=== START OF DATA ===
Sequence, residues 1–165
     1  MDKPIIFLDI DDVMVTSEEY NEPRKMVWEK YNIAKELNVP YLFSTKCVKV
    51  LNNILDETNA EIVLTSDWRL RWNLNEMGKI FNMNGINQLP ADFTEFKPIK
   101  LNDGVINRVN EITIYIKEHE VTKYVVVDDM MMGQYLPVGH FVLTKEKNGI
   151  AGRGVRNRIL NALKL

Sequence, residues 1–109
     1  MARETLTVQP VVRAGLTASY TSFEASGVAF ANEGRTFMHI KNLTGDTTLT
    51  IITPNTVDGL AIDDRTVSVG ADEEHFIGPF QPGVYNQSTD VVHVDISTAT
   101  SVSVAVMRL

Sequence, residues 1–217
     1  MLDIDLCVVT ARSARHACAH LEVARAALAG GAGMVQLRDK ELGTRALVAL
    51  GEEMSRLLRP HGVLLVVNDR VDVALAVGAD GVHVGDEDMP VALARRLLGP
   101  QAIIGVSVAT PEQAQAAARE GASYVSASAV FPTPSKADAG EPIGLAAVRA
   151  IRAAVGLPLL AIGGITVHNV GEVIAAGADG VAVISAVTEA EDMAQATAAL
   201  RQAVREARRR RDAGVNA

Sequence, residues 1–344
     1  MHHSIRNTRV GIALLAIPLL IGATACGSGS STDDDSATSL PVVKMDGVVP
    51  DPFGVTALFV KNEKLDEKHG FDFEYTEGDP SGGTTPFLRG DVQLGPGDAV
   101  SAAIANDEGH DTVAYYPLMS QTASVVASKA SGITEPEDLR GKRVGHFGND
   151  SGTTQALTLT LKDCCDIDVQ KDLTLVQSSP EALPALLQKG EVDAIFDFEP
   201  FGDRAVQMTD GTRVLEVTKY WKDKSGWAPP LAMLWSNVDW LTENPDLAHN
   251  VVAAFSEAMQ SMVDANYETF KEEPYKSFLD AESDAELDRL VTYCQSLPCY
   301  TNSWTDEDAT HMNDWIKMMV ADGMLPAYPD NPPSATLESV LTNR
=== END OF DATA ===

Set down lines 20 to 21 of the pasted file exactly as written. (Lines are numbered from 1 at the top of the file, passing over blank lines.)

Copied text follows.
   151  SGTTQALTLT LKDCCDIDVQ KDLTLVQSSP EALPALLQKG EVDAIFDFEP
   201  FGDRAVQMTD GTRVLEVTKY WKDKSGWAPP LAMLWSNVDW LTENPDLAHN